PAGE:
Armenia – The Unexpected Revelations of the Long Summer of 2013

By Lusine Petrosyan

The year 2013 started pretty dull in Armenia despite the scheduled Presidential elections in February. The four of the six parliamentary parties didn’t nominate own candidates and left the duel arena mainly to Heritage Party leader Raffi K. Hovannisian and the Republican leader, President-in-office Serzh Sargsyan. On February 18 the elections took place, the incumbent President was declared the winner of the race. Mr. Hovannisian didn’t acknowledge the announced results and rallied his supporters in the Liberty Square of capital Yerevan. Hovannisian’s rallies, tours around the country, hunger-strike, etc. lasted for almost two months but didn’t change much. The incumbent President entered the office for the second term on April 9 and the political landscape even without any noticeable regroupings arrived to a new election race for the seats at Yerevan Council. This endless election marathon reached to closure at the end of May and since then some notable events began to unfold.

May 28 – Prince Charles arrives to Armenia

The Armenia’s history counts more than three thousand years, the first Armenian Kingdom called Ararat or Urartu came into being more than three millenniums ago and the last Armenian Kingdom – the Armenian Cilicia fell down almost half a millennium ago. In the beginning of the 20th century Armenia regained independence establishing The First Republic (1918-1920) but since the fall of the last kingdom Armenia hadn’t hosted a member from British Royal family. Prince Charles arrived to Armenia on a very special day – May 28, 2013 – the 95th anniversary of the First Republic’s independence declaration and therefore the visit willingly or not carried much symbolism.
The UK and France are closely tied to the rebirth of the Armenian national state. They were the first that internationally recognized the right of the Armenians after centuries of discontinuance to reestablish the Armenian national state covering most of the Armenian Plateau and possessing a territory some 6 -7 times larger than today’s Armenia. That vision of the Prime Ministers David Lloyd George and Georges Clemenceau and the UK and French governments of the day was defined in the Sykes-Picot agreement concluded in 1916 and further embodied in the Sevres Treaties signed in 1920.

Simply two other nations – the Turks and the Russians pretty frightened by the vision of an independent Armenia in the Sevres Treaty boundaries, politically adjoined to Europe that inevitably would become a citadel of European presence in Asia Minor – prevented the implementation of the Treaty. These two nations jointly occupied the Armenian territories and signed a separate bilateral agreement in 1921 brutally violating the international Treaties of Sevres. But the Russian-Turkish tandem also actually prevented the 1915 Armenian genocide survivors from returning to motherland and surrendered the lands – belonged to Armenians for millenniums – to Turkish control. Turkey never did this alone – but in bold partnership with Russia. This is the truth – intentionally falsified and distorted by the Russian-Soviet historiography in a way that many even in Armenia think of Russians to be almost saviors – while they were the actual destroyers next to Turks.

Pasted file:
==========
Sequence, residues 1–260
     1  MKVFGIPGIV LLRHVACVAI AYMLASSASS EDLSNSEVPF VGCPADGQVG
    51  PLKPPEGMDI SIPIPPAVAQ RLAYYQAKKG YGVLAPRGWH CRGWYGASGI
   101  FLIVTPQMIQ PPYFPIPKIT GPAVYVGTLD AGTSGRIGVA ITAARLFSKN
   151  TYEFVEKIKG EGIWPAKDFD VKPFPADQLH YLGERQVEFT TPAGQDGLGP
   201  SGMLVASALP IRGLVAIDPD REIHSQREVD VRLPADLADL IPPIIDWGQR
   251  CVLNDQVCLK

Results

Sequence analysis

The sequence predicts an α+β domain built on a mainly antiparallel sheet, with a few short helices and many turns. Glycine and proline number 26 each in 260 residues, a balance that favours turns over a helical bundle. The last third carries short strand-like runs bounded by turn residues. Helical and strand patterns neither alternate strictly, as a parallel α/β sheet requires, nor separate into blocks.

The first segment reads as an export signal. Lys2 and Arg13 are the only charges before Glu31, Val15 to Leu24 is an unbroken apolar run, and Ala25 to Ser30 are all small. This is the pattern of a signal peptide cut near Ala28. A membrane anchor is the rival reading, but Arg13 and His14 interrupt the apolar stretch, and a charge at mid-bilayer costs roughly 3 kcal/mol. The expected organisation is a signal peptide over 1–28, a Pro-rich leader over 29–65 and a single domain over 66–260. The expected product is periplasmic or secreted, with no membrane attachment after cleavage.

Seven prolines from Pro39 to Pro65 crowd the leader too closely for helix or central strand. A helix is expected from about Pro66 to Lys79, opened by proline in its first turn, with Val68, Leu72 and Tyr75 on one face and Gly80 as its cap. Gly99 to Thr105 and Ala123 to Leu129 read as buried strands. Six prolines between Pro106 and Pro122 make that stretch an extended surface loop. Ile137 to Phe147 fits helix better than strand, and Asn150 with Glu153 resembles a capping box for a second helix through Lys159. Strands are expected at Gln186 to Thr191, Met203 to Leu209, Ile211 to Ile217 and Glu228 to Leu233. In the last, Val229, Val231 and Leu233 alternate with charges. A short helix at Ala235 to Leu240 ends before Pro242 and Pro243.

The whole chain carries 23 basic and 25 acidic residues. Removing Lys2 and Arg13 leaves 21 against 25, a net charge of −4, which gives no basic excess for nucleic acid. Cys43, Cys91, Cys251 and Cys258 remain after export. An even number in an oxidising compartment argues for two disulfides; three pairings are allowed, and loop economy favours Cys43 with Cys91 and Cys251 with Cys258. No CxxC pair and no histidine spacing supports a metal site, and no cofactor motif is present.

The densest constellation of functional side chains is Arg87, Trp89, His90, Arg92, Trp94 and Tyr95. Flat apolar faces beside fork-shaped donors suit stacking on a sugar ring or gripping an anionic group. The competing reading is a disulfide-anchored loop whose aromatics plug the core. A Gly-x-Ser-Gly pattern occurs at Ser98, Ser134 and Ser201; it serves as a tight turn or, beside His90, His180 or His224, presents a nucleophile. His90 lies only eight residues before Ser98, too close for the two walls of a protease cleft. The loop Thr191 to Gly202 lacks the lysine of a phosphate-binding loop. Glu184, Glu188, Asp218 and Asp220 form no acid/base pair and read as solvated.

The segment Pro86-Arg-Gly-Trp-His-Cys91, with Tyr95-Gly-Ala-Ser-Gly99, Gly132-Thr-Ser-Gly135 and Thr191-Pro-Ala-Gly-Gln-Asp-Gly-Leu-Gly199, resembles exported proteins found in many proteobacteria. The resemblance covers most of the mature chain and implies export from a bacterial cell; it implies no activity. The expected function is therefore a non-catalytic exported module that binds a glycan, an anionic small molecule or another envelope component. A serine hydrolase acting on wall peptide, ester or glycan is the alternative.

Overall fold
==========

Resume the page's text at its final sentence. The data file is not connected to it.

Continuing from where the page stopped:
Prince Charles‘ visit on that very special day – the anniversary of the First Republic – carried the symbolism of the events of 95 years age and the Russia’s notorious role in the history of Armenia and particularly the First Republic. Still in May 2013 one couldn’t imagine that official Yerevan will move that further on the path of historical truth that nearly a month later the Prosecutor General of Armenia will talk before a broad lawyers audience about the Sevres Treaties, particularly emphasizing that it keeps to be a valid document – at least in its part referring to Armenia – as it wasn’t reviewed or annihilated by international signatories ever after signing in 1920 at Versailles Peace Conference.

July 5 – Unfolding zigzags in relations with Russia

It happened so that the Prince Charles visit to Armenia coincided with a CIS leaders’ summit somewhere in Central Asia. The Armenian president didn’t attend it, just participated in May 28 celebrations round the country and also received Prince Charles. Nothing special was there but all the Russophiles in Armenian press and politics – not that large but a rather noisy community – came together to tell in one way or another that the President Sargsyan’s non-attendance of CIS summit was a clear anti-Russian step and promised harsh responses from Moscow. They were too angry to persuade.

However, almost a fortnight later came the news that Russia had sold some strategic attacking weaponry to Azerbaijan – for the sum of approximately 1 billion dollars (Azerbaijan is in state of ceasefire with Nagorno-Karabakh – an Armenian self-declared state, not recognized internationally that fought and won the war with Azerbaijan in 1990-94). Hardly this was the first weapon deal between the two countries or the last – simply this time it was done explicitly. The Armenian authorities publicly didn’t react to the news, but nearly a month later came news that Armenia had purchased more advanced weapons from China. Still the broad public reaction in Armenia wasn’t that calm – the anti-Russian sentiments began to prevail in social networks, press, everyday talks revealing more hatred that anything else.

Surprisingly in mid-July an Armenian lorry driver fell into an accident in Russia. His vehicle hurtled to a bus carrying almost hundred people. Many of these people regrettably died, the others got heavy injuries and the driver himself was hospitalized. Several days later he was taken from hospital to a court hearing in a woman’s housecoat. This piece of information and the photo with housecoat originated an astonishing public reaction in Armenia. For almost a week and even longer the civil activists demonstrated against the Russian Embassy, the media and NGO sector erupted with insults and blasphemy towards Russia. The Armenian Foreign Ministry was obliged to engage with the issue of driver, the Ombudsman left to Moscow, still the public anger didn’t calm down.